With the legislative session drawing to a close, Mayor Adams and at least one of his top deputies will visit Albany on Tuesday to lobby lawmakers on a slate of his stalled policy priorities — including his hope to keep control of the city’s public school system.
Adams and his team will sit down with State Senate Majority Leader Andrea Stewart-Cousins (D-Yonkers), Assembly Speaker Carl Heastie (D-Bronx) and other key lawmakers to make a case for why the Legislature should greenlight the mayor’s Albany agenda before the session ends June 2, according to two sources familiar with the matter.
Topping the list for Adams is extending mayoral control of the city’s public schools and allowing speed cameras on city streets to operate 24/7.
Some lawmakers have argued that the two issues remain outstanding this late in the session because of a lack of engagement from Adams’ administration. As first reported by the Daily News, the push for letting speed cameras run around-the-clock was also hampered by Transportation Commissioner Ydanis Rodriguez spending a recent meeting with legislators pushing for a program component that had already been sidelined.
Adams has only visited Albany once previously this year. Still, mayoral spokesman Fabien Levy disputed the laments about a lack of interaction and voiced optimism about the prospects of Adams’ late legislative dash.
“We’re confident that the Legislature will agree with Mayor Adams that now is the time to prioritize New Yorkers’ needs,” Levy said in a statement. “Any unnamed individuals making claims that our team has not been active in Albany are simply trying to spin a false narrative that fits their agenda.”
Underscoring the importance of the issue for Adams, Education Chancellor David Banks is expected to join him for the Tuesday meetings focused on mayoral control of schools, sources said.
Meantime, Department of Transportation officials declined to say Friday if Rodriguez was expected to join Adams for the speed camera meetings.
City schools have been under mayoral control for the past two decades, and proponents say the authority makes the behemoth system run smoother while reducing waste and corruption.
The alternative to mayoral control is to have the Big Apple’s hundreds of public schools overseen by the Board of Education and a network of local school boards — a decentralized system that critics say led to corruption, inefficiency and poor outcomes for students in past iterations.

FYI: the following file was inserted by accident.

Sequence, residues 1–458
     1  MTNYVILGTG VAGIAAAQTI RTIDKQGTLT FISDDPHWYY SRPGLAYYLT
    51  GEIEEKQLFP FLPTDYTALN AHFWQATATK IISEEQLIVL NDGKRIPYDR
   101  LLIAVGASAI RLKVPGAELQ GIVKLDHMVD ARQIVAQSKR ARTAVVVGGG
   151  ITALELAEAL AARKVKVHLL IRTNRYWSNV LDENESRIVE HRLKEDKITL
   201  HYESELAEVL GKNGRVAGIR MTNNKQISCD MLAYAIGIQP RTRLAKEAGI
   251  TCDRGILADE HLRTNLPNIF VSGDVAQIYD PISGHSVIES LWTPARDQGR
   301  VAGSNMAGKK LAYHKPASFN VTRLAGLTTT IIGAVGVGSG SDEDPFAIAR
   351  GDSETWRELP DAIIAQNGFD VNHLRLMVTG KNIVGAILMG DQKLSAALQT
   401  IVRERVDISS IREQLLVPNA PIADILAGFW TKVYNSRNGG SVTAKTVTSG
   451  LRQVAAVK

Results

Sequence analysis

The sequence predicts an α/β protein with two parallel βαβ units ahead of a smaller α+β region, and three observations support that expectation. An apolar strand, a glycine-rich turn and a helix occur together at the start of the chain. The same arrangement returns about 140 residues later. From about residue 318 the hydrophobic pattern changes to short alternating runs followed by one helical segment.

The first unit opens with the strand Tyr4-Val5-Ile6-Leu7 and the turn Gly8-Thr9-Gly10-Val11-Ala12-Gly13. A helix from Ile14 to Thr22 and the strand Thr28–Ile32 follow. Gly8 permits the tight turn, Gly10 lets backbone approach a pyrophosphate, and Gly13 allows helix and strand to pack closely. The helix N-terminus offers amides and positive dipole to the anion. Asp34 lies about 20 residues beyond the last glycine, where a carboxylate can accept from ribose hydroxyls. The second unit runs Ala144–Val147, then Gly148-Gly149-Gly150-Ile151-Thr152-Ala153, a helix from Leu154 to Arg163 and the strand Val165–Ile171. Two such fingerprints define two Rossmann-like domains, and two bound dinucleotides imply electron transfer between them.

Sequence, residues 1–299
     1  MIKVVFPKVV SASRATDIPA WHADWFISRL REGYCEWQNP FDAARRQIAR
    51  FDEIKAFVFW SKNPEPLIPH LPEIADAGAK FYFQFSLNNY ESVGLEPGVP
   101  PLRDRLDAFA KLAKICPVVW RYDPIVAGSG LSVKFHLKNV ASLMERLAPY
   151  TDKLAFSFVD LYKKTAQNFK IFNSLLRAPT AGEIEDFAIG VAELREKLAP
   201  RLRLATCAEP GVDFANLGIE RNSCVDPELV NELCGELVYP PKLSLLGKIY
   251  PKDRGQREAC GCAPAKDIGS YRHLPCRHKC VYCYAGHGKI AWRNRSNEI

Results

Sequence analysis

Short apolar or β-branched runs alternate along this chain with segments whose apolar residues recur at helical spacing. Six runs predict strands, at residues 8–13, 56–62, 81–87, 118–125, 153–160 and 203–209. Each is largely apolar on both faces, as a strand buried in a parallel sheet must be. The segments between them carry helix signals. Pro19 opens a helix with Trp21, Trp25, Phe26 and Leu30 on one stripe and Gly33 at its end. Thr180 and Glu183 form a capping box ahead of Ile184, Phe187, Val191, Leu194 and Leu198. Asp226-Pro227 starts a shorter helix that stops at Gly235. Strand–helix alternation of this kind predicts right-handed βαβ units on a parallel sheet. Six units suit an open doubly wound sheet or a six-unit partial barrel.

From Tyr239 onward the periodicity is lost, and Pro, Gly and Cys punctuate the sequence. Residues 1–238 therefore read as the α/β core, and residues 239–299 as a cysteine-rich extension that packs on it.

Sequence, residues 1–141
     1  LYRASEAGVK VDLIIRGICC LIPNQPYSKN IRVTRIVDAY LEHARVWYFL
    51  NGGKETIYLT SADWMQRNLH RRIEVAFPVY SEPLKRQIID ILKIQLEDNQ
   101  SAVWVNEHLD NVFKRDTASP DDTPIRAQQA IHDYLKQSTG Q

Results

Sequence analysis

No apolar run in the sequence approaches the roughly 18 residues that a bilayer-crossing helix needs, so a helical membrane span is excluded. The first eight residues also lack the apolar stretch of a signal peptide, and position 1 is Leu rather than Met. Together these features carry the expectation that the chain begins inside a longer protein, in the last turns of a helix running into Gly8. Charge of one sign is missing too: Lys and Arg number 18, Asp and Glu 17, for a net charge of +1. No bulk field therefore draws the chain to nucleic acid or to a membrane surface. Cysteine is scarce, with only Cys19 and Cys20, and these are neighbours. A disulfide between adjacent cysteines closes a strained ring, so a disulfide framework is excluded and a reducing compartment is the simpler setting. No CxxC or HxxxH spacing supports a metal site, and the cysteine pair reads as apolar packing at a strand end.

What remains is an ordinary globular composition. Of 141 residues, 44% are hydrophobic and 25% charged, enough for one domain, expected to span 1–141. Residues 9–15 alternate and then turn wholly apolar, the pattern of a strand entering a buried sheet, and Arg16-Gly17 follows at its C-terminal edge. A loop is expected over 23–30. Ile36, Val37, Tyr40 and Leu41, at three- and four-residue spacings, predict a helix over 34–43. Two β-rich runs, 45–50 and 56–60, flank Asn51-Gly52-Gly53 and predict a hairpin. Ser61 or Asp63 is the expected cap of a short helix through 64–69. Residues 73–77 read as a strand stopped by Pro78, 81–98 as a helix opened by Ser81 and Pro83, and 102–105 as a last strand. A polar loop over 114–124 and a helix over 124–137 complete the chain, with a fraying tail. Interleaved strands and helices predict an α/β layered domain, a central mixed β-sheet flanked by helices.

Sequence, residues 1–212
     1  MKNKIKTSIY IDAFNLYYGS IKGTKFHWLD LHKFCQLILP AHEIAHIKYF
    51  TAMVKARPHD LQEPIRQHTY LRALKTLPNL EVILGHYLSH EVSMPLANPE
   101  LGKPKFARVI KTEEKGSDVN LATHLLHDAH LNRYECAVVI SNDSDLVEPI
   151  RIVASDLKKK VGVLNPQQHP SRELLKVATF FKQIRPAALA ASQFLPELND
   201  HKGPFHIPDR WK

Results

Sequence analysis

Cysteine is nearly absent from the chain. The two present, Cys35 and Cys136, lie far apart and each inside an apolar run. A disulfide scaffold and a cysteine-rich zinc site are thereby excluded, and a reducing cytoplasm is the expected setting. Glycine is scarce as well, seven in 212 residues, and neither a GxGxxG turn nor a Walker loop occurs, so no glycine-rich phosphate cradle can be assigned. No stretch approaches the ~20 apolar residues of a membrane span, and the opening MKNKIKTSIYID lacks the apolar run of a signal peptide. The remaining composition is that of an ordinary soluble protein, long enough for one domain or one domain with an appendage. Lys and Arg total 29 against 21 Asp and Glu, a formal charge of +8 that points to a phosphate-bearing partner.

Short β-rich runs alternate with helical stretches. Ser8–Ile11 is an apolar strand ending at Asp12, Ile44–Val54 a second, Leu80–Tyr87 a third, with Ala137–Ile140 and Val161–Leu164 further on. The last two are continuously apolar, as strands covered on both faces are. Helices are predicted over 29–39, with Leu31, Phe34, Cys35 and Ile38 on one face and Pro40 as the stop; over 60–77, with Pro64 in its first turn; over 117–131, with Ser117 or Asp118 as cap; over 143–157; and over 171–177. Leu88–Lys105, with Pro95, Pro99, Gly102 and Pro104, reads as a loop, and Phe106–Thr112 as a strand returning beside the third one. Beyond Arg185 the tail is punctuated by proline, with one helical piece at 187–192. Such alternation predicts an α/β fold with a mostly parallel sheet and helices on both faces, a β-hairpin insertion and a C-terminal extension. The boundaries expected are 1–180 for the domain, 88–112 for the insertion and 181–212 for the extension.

Earlier this year, Gov. Hochul floated giving Adams four years of school control, covering his entire first term.
But Adams has since run into roadblocks, in part because Albany lawmakers have taken seriously concerns raised by parent groups who want to modify the leadership structure of the Panel for Education Policy, the governing body of the Department of Education.
Albany leaders have said they expect to give Adams school control, though it remains unclear how many years he’ll get and whether it will come with some strings attached.
Assemblywoman Catalina Cruz (D-Queens) said Friday she’s inclined to support a two-year extension of mayoral control. However, in a sign of the potential headaches still facing Adams, Cruz said she would like to see it paired with the City Council getting future say over whom the mayor selects for schools chancellor.
“If this is to happen, it couldn’t happen in a vacuum,” she said.
On the speed camera issue, lawmakers have already dealt a blow to Adams’ agenda by saying there’s not enough time left in the session to approve so-called “home rule,” which would allow the city to install as many cameras as it wants, wherever it wants, and keep them running for however long it wants. Despite the lack of appetite in Albany, Rodriguez kept pressing lawmakers for “home rule” during a meeting on May 3 that one DOT source described as a “total f— up.”
With home rule out of the picture, the focus has shifted to passing a bill that would keep the cameras under state control, but allow them to operate 24/7. Currently, speed cameras in the city can only operate in school zones between 6 a.m. and 10 p.m. on weekdays — and safe street advocates say that has exacerbated traffic violence as drivers tend to speed more at night.
A final legislative item that may be on the table during Adams’ Tuesday visit is 421a, a tax break for real estate developers that expires June 15.
Proponents of the tax break argue it helps incentivize affordable housing construction, while opponents have said it’s an unnecessary giveaway to wealthy developers. Adams has positioned himself somewhere in the middle of those two camps, painting 421a as a flawed program and calling for it to be replaced with a revamped version favored by Hochul.
With Clayton Guse